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Used-car review: 1998 Nissan Terrano

It isn’t a soft-roader. It’s hardcore
PHOTO: Vincent Coscolluela

The Nissan Terrano was first launched worldwide in 1986 and began life locally as the Pathfinder pickup. But unlike its truck predecessor, which was only available locally with a diesel engine, the Terrano was available with both a diesel lump and a 2,389cc, four- cylinder carbureted gasoline engine. All locally sold units were also equipped with a part-time four-wheel-drive system.

The Terrano was wrongly billed as Nissan’s answer to road-friendly compact SUVs such as the first-gen Honda CR-V and Toyota RAV4. That’s because it did not have the on-road civility of these soft-roaders. Instead, it boasted rough-road capabilities, but it was under- appreciated by those looking for a comfortable urban vehicle with a high ground clearance.

Value and costs

Nowadays, a Terrano can be had for slightly lower than P200,000, although this will be for units whose owners are intent on letting them go in a less-than-pristine state. Prices ranging from P240,000 to P290,000 are the more typical pre-owned values of these sturdy vehicles.

Because of the relatively low number of units sold when they were available new, Terranos are not a frequent sight on our roads. Some say this may be because car buyers back then usually chose either a CR-V, a RAV4 or a Vitara when shopping for a compact SUV. Upkeep for pre-owned units will—same as with trading prices—depend on how well-kept or abused the car is. Like with other used vehicles, a small premium is granted to those in mint condition. The pristine example here was owned by Top Gear PH staffer Aris Ilagan, and is one of the few that command that premium.


Also, do remember that if you’re out shopping for one, be aware that there are Terranos that have been converted from right-hand to left-hand drive. One would be wise to avoid these, as the quality of conversions will always be suspect.

Interior and exterior

The Terrano sports a timeless design that looks modern despite dating back to more than two decades ago. Credit this to the fact that the design team that originally penned the US-market Nissan Hardbody pickup, did a superb job of coming up with an elegant, clean-cut vehicle that ages well.

Styling cues include smooth surfaces with angular edges that blend into each other, and clever design elements such as rear-passenger door handles integrated into the door pillars. The rear cargo area may be opened fully via a main door, or accessed via a  glass hatch for depositing smaller items. Like the exterior, the interior doesn’t look dated, being equipped with “modern” amenities like power windows and side mirrors. The dash and instrumentation layout is intuitive, with everything boasting ease of use and access. The driver’s seat bears particular mention for being the most comfortable and ergonomically correct, but rear passengers must bear with the low roofline and seating position. Also, mounting and dismounting are effortless if you’re up front, but if you’re along for the ride as a back- seat passenger, it’s an exercise in nimbleness, as the rear has smaller door openings.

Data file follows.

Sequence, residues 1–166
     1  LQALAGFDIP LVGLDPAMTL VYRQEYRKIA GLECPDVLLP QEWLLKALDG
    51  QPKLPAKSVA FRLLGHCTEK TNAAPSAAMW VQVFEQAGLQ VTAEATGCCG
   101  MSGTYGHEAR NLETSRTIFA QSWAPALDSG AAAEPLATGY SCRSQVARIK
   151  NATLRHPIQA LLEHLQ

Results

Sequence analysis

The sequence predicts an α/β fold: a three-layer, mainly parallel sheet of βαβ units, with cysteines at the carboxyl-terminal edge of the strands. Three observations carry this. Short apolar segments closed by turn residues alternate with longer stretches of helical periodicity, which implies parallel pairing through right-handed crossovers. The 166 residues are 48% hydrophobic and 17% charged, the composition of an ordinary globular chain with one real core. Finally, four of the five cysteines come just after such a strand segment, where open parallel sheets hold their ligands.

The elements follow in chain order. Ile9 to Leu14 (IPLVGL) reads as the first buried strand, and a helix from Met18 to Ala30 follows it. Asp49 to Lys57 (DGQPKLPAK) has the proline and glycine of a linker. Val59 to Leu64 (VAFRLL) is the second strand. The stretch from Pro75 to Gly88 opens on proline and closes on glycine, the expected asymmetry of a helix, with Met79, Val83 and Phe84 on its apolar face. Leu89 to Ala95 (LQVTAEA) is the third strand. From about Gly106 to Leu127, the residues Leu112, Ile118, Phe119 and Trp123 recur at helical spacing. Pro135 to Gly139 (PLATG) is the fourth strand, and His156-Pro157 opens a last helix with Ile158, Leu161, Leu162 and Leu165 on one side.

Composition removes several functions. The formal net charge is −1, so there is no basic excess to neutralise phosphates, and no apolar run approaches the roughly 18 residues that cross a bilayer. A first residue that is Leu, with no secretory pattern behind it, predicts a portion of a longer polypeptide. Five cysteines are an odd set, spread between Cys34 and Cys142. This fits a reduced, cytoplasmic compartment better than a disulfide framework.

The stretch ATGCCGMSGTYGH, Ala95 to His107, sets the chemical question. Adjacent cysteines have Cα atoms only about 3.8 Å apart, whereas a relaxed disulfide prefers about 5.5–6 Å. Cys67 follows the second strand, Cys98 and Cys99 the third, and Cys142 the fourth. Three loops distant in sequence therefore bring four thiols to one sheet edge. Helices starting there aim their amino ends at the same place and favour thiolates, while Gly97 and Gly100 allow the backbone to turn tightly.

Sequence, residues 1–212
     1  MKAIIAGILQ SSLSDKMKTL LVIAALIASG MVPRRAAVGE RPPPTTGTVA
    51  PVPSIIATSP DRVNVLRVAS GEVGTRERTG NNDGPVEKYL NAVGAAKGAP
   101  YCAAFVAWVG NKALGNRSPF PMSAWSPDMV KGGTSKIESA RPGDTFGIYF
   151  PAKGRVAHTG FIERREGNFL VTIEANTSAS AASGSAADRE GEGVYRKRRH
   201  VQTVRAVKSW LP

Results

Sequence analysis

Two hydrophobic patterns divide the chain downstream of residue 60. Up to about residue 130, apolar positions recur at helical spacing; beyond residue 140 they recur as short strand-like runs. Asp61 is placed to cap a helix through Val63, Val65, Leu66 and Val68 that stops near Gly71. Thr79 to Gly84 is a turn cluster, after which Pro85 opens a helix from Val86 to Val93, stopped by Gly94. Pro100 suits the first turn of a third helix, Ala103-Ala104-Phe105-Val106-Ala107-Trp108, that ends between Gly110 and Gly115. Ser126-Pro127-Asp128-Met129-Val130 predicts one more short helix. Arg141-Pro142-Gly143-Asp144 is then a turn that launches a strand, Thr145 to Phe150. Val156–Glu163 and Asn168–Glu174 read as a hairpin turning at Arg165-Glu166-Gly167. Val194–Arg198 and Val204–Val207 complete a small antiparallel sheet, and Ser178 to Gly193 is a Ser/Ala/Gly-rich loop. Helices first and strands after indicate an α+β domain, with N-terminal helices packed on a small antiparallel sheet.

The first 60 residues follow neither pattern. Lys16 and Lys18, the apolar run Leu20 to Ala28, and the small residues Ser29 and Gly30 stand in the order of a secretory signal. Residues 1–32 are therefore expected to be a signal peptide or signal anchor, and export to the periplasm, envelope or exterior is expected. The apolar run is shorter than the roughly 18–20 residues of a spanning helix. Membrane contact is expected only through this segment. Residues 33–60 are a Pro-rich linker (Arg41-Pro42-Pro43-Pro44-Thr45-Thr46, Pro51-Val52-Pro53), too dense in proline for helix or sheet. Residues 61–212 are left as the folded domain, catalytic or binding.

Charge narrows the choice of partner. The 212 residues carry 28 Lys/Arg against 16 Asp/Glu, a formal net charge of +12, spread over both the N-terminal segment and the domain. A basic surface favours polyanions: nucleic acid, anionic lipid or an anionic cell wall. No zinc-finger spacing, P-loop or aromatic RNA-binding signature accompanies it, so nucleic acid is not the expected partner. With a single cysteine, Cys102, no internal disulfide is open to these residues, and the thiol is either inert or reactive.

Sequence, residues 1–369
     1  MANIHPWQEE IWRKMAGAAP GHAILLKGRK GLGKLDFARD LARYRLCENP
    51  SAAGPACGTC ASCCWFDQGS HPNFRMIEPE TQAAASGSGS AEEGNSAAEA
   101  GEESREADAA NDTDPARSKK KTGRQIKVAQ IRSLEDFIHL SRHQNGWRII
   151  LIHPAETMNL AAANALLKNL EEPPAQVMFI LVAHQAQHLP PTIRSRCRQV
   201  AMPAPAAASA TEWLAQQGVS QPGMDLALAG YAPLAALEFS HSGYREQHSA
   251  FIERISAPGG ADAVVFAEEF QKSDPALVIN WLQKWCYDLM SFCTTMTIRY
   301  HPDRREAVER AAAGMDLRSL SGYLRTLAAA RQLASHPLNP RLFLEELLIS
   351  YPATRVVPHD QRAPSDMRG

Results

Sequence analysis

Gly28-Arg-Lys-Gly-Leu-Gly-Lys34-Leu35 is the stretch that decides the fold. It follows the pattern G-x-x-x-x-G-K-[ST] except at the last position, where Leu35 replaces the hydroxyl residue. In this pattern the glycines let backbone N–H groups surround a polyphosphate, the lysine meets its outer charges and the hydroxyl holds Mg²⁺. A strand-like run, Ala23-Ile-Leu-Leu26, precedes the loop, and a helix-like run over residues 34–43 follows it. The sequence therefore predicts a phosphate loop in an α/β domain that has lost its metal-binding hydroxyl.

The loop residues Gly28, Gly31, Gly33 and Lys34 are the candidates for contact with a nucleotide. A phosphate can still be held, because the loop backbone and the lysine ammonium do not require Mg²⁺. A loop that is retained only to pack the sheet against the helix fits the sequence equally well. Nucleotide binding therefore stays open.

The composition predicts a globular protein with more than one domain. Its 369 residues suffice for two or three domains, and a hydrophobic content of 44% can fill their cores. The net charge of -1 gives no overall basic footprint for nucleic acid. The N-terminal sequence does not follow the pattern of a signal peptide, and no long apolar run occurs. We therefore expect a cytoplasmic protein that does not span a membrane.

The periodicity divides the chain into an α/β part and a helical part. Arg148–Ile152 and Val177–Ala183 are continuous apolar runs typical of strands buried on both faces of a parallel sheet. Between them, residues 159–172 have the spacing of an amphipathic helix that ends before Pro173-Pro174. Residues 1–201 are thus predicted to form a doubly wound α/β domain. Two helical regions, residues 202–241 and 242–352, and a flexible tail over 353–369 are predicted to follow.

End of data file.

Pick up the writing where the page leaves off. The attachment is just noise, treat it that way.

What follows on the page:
Lastly, like more modern offerings, the Terrano’s rear seat can be folded forward to  further enlarge the already generous cargo capacity, allowing you to carry almost as much cargo as you can t in a pickup but under the protection of a fixed roof.

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The 2,389cc four-cylinder engine motivating this variant of the Terrano is, by modern standards, nothing special. In fact, it may be considered ancient, churning out a paltry 103 horses at 4,800rpm and 181Nm of torque at 2,800rpm. Neither figure is a lot, but that’s enough to get the job done particularly when coupled to the able part-time 4WD system. Perhaps therein lies the Terrano’s beauty, for as far as workhorses are concerned, the more basic the power and drivetrain components are, the less problematic they will be in the long term—provided they’ve been properly maintained. But with such engineering that allows the vehicle to feel like it’s got more under the hood than it really has, impressive fuel economy should not be expected.

Driving impresions

With its low seating, the Terrano encourages lively driving. Even the view is sports-car-like, meaning the windshield could be taller (but, as is, has no obvious blind spots, save for those that af ict vehicles riding high off the ground). Acceleration is fair, given a gearset designed to pull heavy stuff instead of going fast. Engine noise is acceptable and hits full wail beyond 3,000rpm. It’s not noisy, but you do realize that it’s not in its element during prolonged high-rpm, high-speed excursions. Handling is typical of ’80s chassis-on- ladder-frame vehicles, and the ride is truck- like by today’s standards. After all, the Terrano really is a truck.


The Nissan Terrano makes for good company whether you tread the path less traveled or the roads of the urban jungle. If you treat it right, this very capable 4x4 compact SUV will hardly let you down. (Ferman Lao)



Engine: 2,389cc 4-cylinder gasoline engine

Power: 103hp @ 4,800rpm

Torque: 181Nm @ 2,800rpm

NOTE: This article first appeared in Top Gear PH’s April 2010 issue.

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PHOTO: Vincent Coscolluela
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